Making a case for cops' eyes and ears

From increasing the security at Metro Stations and bus stops to installing CCTV cameras in markets etc, the Government is spending huge sums to stop crime against women.

But they fail to relate to the simple fact that the easiest way to provide a safer environment to Delhi’s women is by encouraging street vendors and hawkers. “They play a major role in informing the police about any untoward incident which in turn helps us to stop a possible crime or solve a pending case,” shares DCP, North Sindhu Pillai adding, “The street vendors are also considered a significant part of our ‘Eyes and Ears Scheme’.”

Introduced by Delhi Police in early 2008, this scheme keeps the identities of the
informers confidential while availing crucial information. Crimes such as robberies and thefts have been often been averted with the help of ‘informers’ who are present even during wee hours.

The fact raises pertinent questions on news reports of endeavours to make Rajpath a no-hawking zone due to security reasons owing to terror alerts. 

But women feel differently. “Even the presence of one odd ice cream vendor on a lonely road makes us feel safe,” says Akansha Varshneya, a graduate of IP College. “I used to often get late after Mass Comm classes and then I feared travelling alone to the Metro Station from Civil Lines. After dark, even the PCR vans vanished and the desolate area was tailor-made for miscreants. I know of atleast five-six cases, where my classmates were assaulted. Contrarily, if there was even one vendor present, even hostellers felt safe,” she elucidates.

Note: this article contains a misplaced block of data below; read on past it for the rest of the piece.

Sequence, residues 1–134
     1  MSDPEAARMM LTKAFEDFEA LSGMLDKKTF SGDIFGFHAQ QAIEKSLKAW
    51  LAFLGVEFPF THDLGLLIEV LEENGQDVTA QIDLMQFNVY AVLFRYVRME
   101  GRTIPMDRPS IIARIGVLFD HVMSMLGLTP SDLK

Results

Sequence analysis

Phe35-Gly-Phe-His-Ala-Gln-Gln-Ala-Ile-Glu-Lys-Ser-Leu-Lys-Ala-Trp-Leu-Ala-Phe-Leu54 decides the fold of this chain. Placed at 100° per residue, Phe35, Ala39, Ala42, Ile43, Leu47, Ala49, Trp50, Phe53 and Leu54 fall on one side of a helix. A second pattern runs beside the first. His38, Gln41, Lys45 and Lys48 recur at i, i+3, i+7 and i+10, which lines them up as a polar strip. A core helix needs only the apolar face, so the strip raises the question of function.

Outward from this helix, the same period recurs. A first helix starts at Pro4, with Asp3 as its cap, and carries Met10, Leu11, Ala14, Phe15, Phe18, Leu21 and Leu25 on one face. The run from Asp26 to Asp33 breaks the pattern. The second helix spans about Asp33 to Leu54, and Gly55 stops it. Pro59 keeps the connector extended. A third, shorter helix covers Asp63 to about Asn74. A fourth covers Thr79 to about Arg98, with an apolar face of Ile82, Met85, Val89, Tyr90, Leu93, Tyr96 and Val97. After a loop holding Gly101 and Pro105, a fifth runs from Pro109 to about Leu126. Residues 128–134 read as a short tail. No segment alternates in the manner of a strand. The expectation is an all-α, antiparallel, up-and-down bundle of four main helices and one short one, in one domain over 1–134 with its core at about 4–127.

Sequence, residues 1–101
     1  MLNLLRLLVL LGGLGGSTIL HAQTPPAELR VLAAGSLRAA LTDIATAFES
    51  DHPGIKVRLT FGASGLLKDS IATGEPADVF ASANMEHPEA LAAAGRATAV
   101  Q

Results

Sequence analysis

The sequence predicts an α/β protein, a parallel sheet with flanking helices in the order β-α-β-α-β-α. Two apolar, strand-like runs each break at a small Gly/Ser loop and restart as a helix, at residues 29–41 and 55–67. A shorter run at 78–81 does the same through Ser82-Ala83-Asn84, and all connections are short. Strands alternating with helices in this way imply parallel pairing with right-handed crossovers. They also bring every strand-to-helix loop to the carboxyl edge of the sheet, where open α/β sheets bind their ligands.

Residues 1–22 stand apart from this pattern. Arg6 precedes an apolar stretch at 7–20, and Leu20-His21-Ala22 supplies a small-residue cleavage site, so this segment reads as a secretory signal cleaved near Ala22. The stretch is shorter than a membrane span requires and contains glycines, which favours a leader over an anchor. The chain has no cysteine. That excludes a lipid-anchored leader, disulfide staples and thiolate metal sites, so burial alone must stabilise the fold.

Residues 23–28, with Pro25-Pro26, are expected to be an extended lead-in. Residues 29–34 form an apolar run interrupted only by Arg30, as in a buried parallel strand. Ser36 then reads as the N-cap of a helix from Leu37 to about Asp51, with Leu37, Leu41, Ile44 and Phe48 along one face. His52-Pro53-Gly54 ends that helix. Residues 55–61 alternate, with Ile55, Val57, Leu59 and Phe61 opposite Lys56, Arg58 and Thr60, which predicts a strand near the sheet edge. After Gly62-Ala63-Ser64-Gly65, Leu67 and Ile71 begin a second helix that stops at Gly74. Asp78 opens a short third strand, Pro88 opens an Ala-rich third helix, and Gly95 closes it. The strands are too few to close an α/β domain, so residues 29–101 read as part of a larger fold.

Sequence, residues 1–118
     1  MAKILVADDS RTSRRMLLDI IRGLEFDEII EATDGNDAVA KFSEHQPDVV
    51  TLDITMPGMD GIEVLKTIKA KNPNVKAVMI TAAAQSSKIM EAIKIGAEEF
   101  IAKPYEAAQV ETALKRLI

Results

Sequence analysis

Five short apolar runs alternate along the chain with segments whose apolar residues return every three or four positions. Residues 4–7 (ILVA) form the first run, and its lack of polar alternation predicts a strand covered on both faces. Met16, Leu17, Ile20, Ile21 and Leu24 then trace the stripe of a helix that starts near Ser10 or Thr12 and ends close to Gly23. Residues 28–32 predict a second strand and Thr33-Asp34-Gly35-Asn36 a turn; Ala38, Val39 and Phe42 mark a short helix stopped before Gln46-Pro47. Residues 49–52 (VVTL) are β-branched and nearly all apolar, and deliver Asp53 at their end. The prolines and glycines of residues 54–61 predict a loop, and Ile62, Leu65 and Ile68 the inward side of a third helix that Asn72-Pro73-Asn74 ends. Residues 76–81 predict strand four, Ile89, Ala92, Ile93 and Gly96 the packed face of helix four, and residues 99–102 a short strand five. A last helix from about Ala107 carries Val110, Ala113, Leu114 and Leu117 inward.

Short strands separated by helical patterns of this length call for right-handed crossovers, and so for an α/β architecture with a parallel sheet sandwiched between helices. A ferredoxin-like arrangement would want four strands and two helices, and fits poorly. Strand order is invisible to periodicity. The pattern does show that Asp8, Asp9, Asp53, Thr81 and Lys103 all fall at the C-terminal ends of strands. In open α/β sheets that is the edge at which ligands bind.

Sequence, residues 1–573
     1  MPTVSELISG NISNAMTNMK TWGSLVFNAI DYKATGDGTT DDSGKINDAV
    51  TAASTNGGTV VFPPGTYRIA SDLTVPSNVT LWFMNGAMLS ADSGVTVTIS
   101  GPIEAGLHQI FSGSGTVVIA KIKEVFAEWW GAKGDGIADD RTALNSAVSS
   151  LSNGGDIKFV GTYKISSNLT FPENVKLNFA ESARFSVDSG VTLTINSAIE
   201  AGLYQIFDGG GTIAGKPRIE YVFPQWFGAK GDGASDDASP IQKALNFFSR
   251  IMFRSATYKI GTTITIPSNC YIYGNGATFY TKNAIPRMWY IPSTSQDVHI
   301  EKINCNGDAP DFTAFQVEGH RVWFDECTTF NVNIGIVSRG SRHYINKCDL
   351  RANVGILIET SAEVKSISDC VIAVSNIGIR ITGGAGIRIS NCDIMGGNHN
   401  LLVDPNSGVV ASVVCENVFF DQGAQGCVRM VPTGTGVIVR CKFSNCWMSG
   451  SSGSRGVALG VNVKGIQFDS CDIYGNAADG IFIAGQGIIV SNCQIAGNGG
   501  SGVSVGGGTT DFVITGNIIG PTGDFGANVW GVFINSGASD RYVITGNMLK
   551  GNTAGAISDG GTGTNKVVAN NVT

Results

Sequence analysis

The scene is similar across Delhi. Women can’t be accompanied by men all the time. But it isn’t enough to depend on technology for their safety. A recent report by a Delhi-based Jagori clearly stated that, “a large number of women were found on the streets even after dark, where vegetable and fruit vendors, and those hawking household items were present in big numbers. In areas where weekly markets are held, unaccompanied women shop late into the night without fear.” Thus the need to strengthen links between cops and vendors arises.

But the cops are often seen shooing off the hawkers. “Vendors face constant threat of eviction,” says Ranjit Abhigyan, programme manager at National Association of Street Vendors of India (NASVI) and adds, “Till the time we give money to MCD and DP, we can put up our cart anywhere. This is the result of the ‘protection money racket’ encouraged over the years.”

In a recent case regarding the removal of hawkers from Rajpath to avoid any terrorist threat, the street vendors have faced a major loss in their business. “It is the unregulated growth of street vendors due to absence of a controlled government procedure that their numbers have gone up. It was only when they joined the NASVI that the police asked them to vacate.”

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